“It’s no surprise that the utility tried to keep its controversial plans to use reactor fuel containing weapons-quality plutonium secret. Myriad technical and public relations problems are posed by the potential use of a fuel that has never before been tested in a boiling water reactor. Bringing plutonium back to Hanford to be used as fuel and stored as waste will set back cleanup efforts at the site. It’s hard to see how the public could accept bringing plutonium back to Hanford after most of it has been shipped off the site,” Clements said.
MOX fuel made from surplus weapons-grade plutonium has never before been used in any country on a commercial scale and presents a host of political and licensing problems for Energy Northwest. MOX containing approximately five to seven percent weapons-grade plutonium presents technical challenges to reactor operation and fuel management and storage, poses security risks in transport and handling, and presents the threat of larger radiation release in an accident. One of the undated FOIA documents from Energy Northwest states, “It does not make sense from either an economic perspective or risk perspective for Energy Northwest to pursue the use of MOX fuel.” But nuclear officials have pushed ahead in spite of those concerns.
MOX Fuel Makes Us Guinea Pigs Again
Over 200 pages of FOIA documents reveal that officials at Energy Northwest have been developing plans with the Pacific Northwest National Laboratory and the Department of Energy to begin a “three-¬phased approach to integrating MOX fuel” into the reactor. According to the documents, testing would begin with irradiation of 10 to 20 fuel pins fabricated by the laboratory in 2013 or 2105, followed by the use of up to eight “lead use assemblies” (LUAs) around 2019 for three or more two-year irradiation cycles (a total of six or more years), with loading of up to 30 percent of the reactor’s core with MOX fuel beginning around 2025. Each step would require license amendments from the Nuclear Regulatory Commission.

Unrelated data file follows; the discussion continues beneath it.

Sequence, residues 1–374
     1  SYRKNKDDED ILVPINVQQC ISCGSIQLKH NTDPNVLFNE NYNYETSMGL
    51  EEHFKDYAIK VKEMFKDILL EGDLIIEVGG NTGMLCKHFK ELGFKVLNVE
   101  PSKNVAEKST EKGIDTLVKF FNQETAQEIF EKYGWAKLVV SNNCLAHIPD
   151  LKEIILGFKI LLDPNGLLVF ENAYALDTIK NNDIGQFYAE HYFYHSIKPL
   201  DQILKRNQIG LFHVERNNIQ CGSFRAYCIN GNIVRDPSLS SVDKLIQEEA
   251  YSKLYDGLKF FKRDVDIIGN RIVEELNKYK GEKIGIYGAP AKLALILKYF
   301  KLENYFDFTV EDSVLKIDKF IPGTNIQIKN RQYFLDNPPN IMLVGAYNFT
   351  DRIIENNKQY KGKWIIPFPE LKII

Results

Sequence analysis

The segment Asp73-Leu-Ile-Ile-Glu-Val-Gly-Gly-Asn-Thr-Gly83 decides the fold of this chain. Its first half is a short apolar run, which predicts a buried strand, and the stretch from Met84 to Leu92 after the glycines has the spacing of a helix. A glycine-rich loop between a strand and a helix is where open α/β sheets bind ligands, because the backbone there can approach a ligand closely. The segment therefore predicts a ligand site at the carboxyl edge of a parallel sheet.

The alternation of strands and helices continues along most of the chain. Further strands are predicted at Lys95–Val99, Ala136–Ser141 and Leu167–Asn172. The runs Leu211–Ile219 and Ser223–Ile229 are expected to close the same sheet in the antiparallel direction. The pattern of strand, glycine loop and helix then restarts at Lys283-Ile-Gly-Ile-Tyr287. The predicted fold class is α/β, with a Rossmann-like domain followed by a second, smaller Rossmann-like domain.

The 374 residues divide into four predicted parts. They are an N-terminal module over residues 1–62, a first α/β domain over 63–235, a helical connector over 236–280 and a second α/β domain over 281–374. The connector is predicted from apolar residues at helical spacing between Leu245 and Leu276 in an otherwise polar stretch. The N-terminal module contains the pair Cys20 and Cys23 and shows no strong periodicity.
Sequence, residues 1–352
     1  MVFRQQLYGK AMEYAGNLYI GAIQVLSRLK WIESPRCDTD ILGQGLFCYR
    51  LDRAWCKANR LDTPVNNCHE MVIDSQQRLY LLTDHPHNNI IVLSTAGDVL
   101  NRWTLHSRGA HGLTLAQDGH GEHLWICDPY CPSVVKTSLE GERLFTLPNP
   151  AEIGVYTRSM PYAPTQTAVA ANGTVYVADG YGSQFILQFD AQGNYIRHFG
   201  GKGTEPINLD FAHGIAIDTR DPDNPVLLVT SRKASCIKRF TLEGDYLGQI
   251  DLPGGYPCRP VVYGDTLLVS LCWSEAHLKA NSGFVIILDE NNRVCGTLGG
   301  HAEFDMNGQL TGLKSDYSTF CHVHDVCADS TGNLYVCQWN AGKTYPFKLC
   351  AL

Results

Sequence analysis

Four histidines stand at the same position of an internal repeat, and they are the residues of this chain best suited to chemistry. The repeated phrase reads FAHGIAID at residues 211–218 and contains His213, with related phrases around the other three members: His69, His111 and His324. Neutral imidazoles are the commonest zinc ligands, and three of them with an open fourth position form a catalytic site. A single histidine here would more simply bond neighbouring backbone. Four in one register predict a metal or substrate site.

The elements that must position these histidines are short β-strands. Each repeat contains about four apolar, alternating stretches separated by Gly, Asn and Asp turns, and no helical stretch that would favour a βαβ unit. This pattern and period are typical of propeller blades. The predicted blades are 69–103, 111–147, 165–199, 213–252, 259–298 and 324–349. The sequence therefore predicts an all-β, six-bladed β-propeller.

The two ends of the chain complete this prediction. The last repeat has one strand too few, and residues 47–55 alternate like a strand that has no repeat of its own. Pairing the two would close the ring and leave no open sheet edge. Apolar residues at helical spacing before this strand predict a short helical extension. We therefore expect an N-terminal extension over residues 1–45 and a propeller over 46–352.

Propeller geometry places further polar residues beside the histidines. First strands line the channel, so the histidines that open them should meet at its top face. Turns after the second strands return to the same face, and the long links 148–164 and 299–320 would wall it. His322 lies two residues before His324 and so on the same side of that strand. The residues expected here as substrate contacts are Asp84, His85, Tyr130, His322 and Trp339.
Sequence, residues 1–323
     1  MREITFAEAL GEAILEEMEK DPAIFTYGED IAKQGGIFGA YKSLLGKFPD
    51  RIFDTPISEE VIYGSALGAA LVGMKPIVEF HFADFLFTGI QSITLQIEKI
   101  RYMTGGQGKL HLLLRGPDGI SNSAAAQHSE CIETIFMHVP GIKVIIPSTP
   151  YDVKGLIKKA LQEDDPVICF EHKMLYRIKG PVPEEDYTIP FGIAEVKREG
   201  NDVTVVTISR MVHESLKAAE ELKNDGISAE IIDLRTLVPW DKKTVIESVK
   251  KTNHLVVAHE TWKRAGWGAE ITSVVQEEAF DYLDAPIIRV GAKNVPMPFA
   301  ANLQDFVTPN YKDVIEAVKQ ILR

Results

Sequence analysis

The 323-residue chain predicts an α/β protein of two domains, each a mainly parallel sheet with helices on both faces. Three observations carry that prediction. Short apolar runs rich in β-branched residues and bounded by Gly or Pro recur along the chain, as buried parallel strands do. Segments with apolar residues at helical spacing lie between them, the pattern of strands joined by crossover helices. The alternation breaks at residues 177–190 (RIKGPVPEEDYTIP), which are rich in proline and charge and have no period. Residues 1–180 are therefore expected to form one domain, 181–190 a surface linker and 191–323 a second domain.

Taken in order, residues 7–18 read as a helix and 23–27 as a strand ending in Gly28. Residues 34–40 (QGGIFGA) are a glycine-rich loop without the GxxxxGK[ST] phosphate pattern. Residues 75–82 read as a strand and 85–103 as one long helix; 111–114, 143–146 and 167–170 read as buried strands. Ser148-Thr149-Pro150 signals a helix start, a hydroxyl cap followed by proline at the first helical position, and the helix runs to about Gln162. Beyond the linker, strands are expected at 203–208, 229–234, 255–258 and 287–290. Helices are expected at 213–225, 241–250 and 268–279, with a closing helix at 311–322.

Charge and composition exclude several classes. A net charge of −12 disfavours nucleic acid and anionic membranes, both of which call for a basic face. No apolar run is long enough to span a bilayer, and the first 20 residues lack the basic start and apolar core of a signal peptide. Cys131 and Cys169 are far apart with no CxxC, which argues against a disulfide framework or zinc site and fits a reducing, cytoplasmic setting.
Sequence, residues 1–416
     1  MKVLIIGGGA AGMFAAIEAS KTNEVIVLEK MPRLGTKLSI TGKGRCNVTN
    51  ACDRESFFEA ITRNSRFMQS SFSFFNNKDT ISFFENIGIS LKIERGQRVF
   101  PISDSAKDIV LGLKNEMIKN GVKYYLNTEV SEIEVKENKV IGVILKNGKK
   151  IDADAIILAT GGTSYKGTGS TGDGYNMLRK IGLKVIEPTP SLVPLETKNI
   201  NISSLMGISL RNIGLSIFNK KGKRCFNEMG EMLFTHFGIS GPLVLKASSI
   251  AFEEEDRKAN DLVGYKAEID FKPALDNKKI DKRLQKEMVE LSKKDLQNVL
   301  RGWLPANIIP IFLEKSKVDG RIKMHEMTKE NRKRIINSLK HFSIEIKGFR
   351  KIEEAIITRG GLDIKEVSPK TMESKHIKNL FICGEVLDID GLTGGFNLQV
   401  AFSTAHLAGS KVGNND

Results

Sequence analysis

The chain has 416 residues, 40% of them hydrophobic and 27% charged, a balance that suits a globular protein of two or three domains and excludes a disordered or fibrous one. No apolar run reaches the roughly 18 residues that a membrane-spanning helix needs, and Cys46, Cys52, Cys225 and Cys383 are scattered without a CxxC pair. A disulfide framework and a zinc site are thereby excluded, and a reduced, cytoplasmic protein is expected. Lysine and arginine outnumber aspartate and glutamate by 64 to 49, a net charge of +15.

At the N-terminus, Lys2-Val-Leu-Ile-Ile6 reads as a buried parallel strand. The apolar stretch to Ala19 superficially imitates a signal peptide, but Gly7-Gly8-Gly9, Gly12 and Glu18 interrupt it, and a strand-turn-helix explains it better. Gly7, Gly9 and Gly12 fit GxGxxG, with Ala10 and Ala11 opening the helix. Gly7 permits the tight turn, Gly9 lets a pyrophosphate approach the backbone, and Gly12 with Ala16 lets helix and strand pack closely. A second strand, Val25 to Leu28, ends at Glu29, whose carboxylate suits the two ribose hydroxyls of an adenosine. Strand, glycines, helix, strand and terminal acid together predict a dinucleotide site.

The Department of Energy is currently constructing a $5-billion facility to make MOX fuel at its Savannah River Site in South Carolina and construction continues even though no nuclear reactor has been identified that will use the MOX fuel. Duke Energy began testing of experimental MOX fuel in 2005 but dropped out of the program after a test in its Catawba reactor in South Carolina failed after two rather than the necessary three 18-month irradiation cycles (the three cycles would have lasted a total of 54 months). Now, the Energy Department, via the contractor Shaw AREVA MOX Services, is focused on discussions for MOX use with the Tennessee Valley Authority and Energy Northwest as wider interest in the problematic fuel is lacking.